Measurements of radiative and total heat transfer from turbulent flames to a wall are presented for combustion of propane, methane, and natural gas. Flames were generated by a linear burner placed at the bottom of an instrumented, cooled copper wall. The radiative heat feedback from the flames to the wall was determined from measurements using a narrow-angle radiometer and by employing mean-beam-length analysis. The radiative fraction of the total heat feedback was found to be almost independent of the burner power output when plotted against scaled height (vertical distance normalized with flame length). Among the three fuels tested, radiative fraction in flame-to-wall heat transfer was the maximum for propane and minimum for methane, which can be explained based on sooting characteristics of flames. The total radiative energy transfer as a fraction of the burner output power is also presented for the three fuels.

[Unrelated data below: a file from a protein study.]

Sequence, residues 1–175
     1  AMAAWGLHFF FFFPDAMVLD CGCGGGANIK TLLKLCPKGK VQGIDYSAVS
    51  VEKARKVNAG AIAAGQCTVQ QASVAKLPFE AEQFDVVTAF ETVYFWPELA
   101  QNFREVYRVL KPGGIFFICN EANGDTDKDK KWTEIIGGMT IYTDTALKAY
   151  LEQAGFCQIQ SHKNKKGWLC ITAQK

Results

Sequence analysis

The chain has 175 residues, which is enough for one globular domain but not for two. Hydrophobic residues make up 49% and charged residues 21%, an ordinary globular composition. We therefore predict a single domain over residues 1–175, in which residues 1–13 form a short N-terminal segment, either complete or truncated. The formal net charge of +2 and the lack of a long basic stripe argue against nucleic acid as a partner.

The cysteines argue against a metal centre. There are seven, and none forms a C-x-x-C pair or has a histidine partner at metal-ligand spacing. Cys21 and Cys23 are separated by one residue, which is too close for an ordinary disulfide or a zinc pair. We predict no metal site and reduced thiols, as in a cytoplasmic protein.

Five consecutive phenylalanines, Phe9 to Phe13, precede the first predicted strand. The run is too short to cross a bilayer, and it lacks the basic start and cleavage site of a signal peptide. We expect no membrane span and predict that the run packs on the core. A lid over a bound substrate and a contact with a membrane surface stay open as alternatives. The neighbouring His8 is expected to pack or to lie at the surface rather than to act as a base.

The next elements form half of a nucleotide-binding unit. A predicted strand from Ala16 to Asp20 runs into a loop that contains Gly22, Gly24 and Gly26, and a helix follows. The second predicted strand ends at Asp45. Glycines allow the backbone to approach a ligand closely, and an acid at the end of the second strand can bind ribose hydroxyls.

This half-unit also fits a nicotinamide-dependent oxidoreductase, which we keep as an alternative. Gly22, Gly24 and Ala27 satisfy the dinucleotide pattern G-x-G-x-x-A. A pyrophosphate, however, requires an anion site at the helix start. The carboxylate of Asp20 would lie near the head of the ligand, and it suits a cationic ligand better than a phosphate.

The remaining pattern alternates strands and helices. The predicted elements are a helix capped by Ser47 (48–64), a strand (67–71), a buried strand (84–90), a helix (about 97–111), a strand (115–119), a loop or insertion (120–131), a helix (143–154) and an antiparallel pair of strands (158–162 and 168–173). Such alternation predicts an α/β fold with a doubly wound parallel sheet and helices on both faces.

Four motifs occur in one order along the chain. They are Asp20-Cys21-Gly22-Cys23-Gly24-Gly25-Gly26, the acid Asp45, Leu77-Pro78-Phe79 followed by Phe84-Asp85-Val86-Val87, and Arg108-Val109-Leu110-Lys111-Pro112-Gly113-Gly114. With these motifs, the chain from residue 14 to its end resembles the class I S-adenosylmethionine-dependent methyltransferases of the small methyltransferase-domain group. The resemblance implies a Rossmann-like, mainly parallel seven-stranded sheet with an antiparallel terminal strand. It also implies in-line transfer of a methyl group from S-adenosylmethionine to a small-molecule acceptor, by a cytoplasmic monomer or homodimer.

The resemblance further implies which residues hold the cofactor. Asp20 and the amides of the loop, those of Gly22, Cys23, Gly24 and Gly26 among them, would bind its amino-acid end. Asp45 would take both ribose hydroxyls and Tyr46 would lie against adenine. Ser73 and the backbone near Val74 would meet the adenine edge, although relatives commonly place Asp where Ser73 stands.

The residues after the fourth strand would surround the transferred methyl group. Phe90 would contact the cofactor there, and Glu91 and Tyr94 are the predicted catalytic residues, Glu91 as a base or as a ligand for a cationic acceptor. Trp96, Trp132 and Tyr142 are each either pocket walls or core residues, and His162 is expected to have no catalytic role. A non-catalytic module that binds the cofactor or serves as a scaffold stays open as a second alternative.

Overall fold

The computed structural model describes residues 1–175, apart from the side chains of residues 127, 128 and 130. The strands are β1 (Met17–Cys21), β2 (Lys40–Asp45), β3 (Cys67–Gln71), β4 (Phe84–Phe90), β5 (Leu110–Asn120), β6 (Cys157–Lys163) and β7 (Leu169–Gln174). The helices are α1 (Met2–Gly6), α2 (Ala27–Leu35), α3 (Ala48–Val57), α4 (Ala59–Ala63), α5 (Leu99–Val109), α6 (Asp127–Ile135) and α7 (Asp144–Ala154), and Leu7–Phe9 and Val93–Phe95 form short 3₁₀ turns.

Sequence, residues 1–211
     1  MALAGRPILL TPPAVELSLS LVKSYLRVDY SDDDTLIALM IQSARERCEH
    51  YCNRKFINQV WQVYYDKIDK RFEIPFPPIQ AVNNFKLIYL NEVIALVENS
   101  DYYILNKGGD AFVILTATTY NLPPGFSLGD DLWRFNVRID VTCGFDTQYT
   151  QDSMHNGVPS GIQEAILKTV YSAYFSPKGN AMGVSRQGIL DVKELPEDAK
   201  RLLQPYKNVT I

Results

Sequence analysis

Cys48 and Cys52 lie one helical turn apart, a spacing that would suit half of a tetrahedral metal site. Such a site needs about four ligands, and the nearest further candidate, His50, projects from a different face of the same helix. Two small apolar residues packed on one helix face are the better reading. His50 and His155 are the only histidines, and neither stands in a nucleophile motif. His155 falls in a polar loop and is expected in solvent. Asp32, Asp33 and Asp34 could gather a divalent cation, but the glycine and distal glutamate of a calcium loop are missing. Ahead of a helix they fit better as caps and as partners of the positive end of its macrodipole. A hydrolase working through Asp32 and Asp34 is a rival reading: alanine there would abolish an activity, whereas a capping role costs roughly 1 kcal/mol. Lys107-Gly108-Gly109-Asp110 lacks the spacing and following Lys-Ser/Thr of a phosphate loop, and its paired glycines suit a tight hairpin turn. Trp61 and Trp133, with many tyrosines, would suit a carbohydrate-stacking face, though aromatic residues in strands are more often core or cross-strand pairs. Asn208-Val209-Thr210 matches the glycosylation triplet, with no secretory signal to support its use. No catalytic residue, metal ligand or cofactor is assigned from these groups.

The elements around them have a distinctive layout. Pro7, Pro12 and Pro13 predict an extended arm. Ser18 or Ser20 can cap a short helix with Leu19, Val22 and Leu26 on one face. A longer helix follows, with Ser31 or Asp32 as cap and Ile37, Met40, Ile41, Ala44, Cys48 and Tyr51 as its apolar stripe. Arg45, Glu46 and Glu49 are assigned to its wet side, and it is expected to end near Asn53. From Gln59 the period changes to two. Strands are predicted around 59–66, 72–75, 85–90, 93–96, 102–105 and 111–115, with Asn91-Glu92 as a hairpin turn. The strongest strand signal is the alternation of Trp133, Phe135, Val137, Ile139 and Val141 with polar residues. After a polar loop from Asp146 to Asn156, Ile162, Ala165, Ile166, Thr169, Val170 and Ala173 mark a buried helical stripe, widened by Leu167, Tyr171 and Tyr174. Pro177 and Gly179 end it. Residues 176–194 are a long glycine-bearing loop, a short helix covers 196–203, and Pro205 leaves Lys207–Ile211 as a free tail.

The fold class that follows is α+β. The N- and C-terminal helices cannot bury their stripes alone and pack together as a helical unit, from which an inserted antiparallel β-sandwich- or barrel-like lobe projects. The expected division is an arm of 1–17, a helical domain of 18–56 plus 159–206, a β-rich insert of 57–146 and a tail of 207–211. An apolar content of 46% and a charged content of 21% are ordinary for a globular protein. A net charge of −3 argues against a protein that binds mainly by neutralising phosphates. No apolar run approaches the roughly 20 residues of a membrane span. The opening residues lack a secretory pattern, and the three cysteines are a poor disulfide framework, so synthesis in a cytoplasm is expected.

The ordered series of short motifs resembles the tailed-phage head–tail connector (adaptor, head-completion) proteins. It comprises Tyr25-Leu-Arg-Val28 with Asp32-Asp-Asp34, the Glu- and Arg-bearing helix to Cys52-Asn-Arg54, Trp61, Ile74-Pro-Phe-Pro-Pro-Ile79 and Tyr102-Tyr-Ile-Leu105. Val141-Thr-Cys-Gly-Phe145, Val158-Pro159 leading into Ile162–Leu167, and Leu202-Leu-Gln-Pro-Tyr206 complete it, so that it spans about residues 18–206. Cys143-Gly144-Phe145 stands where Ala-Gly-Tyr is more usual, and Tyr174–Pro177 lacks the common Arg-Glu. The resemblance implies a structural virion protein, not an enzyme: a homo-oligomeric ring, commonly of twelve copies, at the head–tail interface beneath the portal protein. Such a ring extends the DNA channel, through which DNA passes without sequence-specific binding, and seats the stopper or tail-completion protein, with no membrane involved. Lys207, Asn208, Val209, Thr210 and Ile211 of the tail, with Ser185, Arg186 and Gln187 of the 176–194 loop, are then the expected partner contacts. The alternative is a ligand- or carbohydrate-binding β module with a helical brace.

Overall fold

|Original language||English (US)|
|Number of pages||16|
|Journal||Experimental Thermal and Fluid Science|
|State||Published - Nov 1 1990|
All Science Journal Classification (ASJC) codes
- Fluid Flow and Transfer Processes
- Mechanical Engineering